They can see who triggered the first event but has yet to trigger the second, meaning they send emails like this one encouraging those users to continue.
The email uses the 1-2-3 method to guide users through the process, which can seem overwhelming at first. By breaking the setup into chunks, it’s easier for users to visualize the process and take action. I also love the orange “Still need help?” button that serves as a safety net for users who still aren’t sure where to begin.
Dollar Shave Club: FREE!
If you create a Dollar Shave Club account but don’t enter your credit card information, you’ll soon be the recipient of several excellent retention emails.
In this email, Dollar Shave Club goes all-in with one of the most powerful sales words in the English language: free. The subject line and the entire body of the email stress the fact that you can try a razor for free. This is just the nudge new customers need to get over the hump.
The email does two other things really well. First, it uses a bold button with clear, friction-free copy – “Get Your Free Month” – to entice recipients to click. Then, it shows a picture of the box you’ll be receiving. Nothing eliminates the anxiety of something new like a preview.
Elevate: Copywriting 101
Customer retention emails are the perfect medium for addressing resistance. If, for example, you know that some people believe your app is too complicated, use email to tackle that issue head on.
This is a common copywriting technique called the Problem-Agitate-Solve formula. On Copyblogger, Demian Farnworth explains the basics.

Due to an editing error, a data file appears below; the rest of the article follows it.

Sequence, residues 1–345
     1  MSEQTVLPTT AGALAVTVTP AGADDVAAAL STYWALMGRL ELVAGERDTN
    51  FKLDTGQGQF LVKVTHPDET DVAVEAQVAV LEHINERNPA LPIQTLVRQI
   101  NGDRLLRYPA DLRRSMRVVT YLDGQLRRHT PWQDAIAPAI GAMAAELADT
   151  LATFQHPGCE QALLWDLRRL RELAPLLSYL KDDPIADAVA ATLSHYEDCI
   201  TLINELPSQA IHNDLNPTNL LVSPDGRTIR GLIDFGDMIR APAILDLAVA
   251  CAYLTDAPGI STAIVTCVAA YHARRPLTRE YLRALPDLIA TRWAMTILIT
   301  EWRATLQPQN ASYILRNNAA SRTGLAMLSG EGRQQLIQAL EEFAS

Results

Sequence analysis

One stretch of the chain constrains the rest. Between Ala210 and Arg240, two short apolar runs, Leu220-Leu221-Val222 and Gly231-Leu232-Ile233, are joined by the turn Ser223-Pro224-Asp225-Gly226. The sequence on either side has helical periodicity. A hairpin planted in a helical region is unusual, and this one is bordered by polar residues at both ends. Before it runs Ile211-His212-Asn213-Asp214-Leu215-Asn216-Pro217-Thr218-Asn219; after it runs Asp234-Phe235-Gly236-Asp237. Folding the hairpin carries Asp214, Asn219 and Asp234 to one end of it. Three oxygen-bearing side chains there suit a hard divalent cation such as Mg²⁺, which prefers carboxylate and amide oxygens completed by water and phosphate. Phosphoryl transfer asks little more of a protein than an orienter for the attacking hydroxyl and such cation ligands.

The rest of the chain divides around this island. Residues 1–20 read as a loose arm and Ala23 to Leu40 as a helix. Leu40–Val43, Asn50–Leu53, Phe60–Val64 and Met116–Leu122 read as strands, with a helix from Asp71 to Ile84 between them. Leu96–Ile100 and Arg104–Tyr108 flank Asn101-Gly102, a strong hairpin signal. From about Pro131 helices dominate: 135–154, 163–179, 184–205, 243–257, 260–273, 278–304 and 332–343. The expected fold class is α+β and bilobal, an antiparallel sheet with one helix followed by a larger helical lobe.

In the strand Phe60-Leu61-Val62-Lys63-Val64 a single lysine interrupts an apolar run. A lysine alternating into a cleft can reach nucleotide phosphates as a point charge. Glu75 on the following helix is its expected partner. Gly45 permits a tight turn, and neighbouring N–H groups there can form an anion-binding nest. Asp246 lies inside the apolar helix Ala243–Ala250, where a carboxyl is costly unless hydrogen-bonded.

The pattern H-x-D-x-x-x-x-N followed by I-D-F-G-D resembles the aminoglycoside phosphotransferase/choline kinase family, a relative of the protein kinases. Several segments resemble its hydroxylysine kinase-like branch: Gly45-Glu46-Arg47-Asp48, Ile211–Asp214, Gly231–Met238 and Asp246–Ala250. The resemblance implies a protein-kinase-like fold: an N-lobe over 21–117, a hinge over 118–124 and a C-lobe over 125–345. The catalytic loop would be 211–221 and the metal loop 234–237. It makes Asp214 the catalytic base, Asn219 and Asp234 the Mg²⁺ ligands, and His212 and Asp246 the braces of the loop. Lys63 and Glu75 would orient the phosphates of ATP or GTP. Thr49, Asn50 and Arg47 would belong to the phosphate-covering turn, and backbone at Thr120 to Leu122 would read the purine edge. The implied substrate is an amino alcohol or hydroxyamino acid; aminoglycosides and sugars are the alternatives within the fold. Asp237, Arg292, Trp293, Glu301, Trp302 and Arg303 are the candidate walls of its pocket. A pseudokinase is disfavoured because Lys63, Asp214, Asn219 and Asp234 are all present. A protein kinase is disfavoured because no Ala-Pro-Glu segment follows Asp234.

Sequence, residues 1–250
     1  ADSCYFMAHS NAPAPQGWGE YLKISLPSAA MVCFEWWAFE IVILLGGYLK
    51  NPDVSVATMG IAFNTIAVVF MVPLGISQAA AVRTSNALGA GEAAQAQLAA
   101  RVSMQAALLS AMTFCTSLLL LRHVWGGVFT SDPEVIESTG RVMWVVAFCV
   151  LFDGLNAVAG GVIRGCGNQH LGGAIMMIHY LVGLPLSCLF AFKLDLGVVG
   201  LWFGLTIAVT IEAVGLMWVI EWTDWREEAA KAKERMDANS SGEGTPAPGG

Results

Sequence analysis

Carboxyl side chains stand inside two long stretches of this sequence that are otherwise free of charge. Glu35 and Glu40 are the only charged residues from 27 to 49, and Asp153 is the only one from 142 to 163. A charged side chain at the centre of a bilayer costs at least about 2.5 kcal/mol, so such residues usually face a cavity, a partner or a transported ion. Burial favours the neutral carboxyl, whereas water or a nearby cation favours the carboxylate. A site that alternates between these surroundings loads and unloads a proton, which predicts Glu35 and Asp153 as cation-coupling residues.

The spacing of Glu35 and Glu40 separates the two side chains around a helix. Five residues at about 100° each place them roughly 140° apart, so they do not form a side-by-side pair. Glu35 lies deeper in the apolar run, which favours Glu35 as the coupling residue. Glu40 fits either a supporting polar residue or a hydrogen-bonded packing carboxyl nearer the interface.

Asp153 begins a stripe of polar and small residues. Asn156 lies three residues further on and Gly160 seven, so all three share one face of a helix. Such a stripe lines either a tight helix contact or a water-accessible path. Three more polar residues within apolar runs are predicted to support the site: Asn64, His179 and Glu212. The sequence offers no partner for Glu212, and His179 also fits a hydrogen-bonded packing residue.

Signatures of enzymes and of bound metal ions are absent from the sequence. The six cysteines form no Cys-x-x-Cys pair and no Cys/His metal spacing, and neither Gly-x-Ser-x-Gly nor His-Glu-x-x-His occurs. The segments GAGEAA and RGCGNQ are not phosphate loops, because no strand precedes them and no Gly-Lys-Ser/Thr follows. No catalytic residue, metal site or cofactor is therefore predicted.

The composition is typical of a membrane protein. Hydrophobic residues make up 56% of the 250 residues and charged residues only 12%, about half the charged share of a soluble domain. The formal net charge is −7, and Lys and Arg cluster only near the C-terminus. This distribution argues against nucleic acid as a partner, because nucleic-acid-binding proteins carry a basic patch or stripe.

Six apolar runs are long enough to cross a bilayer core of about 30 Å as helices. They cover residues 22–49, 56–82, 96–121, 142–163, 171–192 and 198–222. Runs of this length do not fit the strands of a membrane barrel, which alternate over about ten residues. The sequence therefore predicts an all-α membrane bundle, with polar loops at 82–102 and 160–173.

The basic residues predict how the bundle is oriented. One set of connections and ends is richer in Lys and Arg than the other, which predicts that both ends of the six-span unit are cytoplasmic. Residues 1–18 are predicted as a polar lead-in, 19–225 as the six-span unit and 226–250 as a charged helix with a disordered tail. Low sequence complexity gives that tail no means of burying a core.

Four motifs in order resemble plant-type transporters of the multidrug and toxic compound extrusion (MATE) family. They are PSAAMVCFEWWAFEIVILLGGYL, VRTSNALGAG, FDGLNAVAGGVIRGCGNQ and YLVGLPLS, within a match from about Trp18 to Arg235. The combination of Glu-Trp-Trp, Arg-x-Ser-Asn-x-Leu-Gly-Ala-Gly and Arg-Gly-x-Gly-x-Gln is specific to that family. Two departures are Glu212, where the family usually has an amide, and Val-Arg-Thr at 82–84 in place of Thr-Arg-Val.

The formula works like this:
- Identify a problem
- Agitate that problem
- Trot out the solution
Its applications are endless.
This is the tactic Elevate employs in this email. They identified three reasons that users abandon their app, then address them. Authenticity and empathy are key to pulling this off, which Elevate does elegantly.
We previously used this email to demonstrate the 1-2-3 method. Read more on that here.
Goodreads: A Formal Invitation
A few weeks ago, I organized my Goodreads account by making a list of books I’ve read and another of books I’d like to read. Goodreads took note of this, and when they ran a giveaway for one of the books my “to read” list, they triggered this email.
As an Amazon company, I’m not surprised that Goodreads builds these kinds of triggers into their product. While this may not initially strike you as a customer retention email, keep in mind that it’s triggered, personalized based on my behavior and it creates engagement that otherwise wouldn’t have happened.
As Jeff Bezos said, “We see our customers as invited guests to a party, and we are the hosts. It’s our job every day to make every important aspect of the customer experience a little bit better.”
Grammarly: You’re Missing the Best Part
This is a more traditional customer retention email. I created a Grammarly account but wasn’t taking advantage of a popular feature, their Chrome browser extension. They sent this email to explain what it is, how it works and why I should install it. And it worked! I installed the extension and now use it every day.
By tracking events throughout your application, it’s easy to see missed opportunities. And it’s even easier to trigger messages to people who are missing out on valuable tools. I barely used Grammarly before installing the browser extension, and now it’s a vital part of my writing process.